October 6, 2020 (Steven O’Reilly) – Pope Francis issued his most recent encyclical, Fratelli Tutti on Sunday, October 4, 2020. I may or may not write more on this tedious encyclical (“Tutti Frutti” as I have called it), but below I offer my initial reaction to the overall document. In addition, I briefly discuss the Pope’s treatment of the Death Penalty in the encyclical.
Some Quick Thoughts on Fratelli Tutti
Fratelli Tutti is an expansion of some of the themes found in the infamous Abu Dhabi document signed by Francis last year along with the Grand Imam Ahmad Al-Tayyeb. That document — in part due to its erroneous assertion that God wills the diversity of all religions — caused great controversy in the Catholic world at the time, and continues to do so [NB: This blog commented on the controversy at the time. See A Correction of Pope Francis: A glimmer of hope there will be one?].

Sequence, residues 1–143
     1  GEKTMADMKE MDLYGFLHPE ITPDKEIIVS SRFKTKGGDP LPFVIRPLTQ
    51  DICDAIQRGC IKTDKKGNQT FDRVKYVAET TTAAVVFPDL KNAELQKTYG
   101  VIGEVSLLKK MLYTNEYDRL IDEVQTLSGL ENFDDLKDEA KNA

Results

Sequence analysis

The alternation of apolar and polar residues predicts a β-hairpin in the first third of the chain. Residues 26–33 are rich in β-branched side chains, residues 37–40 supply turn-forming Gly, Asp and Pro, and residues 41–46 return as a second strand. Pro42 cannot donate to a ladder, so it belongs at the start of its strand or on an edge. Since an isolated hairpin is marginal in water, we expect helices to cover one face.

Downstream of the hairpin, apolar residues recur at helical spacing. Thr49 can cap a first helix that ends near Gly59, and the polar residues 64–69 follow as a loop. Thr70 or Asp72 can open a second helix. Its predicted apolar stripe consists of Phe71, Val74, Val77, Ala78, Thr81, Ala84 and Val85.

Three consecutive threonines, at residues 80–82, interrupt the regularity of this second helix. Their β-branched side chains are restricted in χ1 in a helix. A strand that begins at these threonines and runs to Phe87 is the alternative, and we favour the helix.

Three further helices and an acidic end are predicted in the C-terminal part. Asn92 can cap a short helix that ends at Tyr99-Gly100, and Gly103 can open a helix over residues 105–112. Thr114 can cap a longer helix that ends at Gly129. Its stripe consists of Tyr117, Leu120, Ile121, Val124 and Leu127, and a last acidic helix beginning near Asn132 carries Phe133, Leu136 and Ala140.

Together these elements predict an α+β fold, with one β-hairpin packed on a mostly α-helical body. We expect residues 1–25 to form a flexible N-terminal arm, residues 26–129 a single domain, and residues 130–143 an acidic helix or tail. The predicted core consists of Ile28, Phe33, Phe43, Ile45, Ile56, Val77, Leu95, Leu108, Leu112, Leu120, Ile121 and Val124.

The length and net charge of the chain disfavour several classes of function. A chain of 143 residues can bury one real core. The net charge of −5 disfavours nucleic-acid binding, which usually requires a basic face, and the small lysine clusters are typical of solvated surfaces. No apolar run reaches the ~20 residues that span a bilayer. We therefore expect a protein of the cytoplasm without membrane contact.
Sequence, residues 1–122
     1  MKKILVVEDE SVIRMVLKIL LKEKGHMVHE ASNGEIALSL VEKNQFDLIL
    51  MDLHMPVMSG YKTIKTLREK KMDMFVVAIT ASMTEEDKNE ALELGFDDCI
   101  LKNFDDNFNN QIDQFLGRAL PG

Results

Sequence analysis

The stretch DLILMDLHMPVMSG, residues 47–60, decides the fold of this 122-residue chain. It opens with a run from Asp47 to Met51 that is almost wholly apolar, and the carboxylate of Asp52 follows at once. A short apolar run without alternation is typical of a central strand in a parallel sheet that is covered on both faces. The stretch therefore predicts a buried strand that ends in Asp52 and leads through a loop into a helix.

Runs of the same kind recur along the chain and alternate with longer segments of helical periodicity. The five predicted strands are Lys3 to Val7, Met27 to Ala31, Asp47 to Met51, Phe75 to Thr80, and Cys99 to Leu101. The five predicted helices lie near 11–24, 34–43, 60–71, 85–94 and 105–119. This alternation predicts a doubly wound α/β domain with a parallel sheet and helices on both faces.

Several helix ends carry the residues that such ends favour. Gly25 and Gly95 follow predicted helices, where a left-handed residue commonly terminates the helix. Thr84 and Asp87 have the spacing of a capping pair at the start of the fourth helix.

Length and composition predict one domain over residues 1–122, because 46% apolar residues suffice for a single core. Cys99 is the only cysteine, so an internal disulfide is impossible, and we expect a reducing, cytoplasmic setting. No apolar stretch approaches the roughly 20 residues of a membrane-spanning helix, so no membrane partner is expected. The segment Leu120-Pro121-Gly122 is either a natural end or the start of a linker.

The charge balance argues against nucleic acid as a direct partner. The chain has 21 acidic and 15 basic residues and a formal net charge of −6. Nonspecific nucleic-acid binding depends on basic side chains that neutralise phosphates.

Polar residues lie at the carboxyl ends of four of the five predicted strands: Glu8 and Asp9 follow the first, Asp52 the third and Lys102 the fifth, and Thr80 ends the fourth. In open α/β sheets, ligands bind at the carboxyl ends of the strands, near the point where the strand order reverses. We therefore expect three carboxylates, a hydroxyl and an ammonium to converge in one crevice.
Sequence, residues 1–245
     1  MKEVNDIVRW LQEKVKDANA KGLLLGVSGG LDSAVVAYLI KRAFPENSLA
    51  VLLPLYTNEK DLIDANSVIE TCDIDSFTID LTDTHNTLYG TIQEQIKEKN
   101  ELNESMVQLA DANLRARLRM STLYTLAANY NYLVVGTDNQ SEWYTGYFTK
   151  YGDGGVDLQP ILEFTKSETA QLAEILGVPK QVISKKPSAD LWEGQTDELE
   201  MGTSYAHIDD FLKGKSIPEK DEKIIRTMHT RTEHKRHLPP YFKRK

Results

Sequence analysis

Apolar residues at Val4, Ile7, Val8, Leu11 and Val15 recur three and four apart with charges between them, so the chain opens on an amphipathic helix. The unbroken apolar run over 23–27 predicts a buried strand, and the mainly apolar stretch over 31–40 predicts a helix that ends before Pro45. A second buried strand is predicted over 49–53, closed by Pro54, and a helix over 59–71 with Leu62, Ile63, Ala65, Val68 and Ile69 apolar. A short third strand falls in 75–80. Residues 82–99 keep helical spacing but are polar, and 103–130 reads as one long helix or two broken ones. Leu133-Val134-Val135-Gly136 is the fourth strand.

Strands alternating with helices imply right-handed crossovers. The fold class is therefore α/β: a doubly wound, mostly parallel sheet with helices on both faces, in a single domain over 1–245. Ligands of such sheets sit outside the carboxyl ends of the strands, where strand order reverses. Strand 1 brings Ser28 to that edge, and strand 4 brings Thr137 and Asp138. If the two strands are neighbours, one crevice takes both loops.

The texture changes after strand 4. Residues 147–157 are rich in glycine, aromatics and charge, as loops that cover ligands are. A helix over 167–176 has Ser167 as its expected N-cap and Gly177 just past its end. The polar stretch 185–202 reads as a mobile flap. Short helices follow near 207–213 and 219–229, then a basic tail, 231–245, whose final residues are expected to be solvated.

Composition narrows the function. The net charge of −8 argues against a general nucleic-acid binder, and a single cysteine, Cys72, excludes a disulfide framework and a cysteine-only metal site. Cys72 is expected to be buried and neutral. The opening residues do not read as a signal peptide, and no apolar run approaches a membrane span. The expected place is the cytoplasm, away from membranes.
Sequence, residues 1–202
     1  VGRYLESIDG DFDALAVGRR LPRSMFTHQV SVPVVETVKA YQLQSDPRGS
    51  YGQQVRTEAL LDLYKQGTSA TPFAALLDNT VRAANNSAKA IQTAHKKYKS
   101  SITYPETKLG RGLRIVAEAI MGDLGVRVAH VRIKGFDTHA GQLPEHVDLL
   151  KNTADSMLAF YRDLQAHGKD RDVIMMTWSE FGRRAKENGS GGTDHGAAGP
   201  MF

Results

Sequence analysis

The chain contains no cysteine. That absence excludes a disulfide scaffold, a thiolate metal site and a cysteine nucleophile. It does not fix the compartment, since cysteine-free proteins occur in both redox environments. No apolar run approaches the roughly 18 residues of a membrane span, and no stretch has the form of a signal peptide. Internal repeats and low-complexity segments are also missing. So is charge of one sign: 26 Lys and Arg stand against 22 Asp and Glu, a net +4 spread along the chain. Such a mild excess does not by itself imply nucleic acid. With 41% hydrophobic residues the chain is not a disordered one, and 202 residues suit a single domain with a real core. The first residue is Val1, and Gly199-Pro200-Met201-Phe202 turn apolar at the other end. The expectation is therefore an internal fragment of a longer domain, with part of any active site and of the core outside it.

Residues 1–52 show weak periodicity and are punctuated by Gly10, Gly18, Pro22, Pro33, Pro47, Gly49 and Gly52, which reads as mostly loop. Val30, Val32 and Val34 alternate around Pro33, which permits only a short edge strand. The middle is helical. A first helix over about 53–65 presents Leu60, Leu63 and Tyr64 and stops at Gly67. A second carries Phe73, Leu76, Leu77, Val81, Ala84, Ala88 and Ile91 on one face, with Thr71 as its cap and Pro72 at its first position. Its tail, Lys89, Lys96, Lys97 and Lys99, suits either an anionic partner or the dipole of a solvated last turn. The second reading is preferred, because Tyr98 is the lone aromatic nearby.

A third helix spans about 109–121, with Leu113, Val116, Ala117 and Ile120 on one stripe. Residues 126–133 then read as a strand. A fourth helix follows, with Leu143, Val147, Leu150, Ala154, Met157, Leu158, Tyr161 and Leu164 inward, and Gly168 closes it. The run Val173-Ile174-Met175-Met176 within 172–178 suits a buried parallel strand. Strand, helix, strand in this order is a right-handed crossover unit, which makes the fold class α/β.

Fratell Tutti mentions the same Grand Imam several times, and the aforementioned Abu Dhabi document is referenced in the footnotes a half dozen times or so. However, as appears par for the course for this pontiff, his favorite source of quotes remains himself. By my very rough calculation, Francis-related citations (e.g., interviews, documents he authored or co-authored, movies, his own Apostolic Exhortations or Encyclicals) account for about 178 of the encyclical’s 288 footnotes, or about 62% of all citations. I haven’t conducted an analysis of the citation patterns of prior popes — or the apostles Peter and Paul for that matter, but my hypothesis would be that none have quoted themselves nearly so extensively as Francis has cited himself. More on this later.
Fratelli Tutti reads more like a leftist manifesto of the sort one might expect in a speech by a General Secretary of the United Nations as John Lennon’s song Imagine echoes softly and hauntingly in the background, rather than a document written by a Successor of St. Peter, the Vicar of Christ.